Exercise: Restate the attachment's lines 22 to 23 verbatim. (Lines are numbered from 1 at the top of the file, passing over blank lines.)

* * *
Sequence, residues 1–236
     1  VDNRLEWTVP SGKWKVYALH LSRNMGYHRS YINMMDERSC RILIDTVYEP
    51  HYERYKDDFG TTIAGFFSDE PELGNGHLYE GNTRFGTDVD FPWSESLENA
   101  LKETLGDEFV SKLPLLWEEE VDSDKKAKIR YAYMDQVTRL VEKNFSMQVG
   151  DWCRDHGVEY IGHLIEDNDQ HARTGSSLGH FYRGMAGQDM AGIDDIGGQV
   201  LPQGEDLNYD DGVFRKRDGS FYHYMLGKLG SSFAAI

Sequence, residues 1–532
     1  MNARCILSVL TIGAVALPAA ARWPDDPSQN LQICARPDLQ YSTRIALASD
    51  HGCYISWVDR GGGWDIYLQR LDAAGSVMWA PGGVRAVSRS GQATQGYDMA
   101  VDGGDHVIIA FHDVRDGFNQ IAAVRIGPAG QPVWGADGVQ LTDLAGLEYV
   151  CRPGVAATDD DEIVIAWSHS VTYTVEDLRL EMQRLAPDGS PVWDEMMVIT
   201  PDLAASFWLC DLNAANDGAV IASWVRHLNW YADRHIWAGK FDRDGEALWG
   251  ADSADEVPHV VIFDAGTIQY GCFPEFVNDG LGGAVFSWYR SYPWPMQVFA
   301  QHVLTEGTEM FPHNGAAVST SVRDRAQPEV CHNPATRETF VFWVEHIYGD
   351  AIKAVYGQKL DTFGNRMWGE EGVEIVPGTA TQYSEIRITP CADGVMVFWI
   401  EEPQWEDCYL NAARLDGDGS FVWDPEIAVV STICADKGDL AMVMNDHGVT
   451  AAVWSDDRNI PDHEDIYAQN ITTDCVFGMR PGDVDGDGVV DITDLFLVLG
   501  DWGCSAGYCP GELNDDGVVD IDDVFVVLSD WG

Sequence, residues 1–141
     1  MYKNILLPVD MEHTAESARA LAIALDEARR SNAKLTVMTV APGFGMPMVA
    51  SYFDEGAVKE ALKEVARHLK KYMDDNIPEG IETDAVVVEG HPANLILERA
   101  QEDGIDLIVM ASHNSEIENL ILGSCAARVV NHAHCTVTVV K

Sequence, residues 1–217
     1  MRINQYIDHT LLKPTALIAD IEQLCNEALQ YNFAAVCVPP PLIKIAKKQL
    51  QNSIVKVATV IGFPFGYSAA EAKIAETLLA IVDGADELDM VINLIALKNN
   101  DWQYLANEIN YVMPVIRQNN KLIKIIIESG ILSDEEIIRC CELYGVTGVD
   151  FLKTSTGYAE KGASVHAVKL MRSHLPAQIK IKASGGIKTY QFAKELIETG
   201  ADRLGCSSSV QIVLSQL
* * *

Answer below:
   101  QEDGIDLIVM ASHNSEIENL ILGSCAARVV NHAHCTVTVV K

Sequence, residues 1–217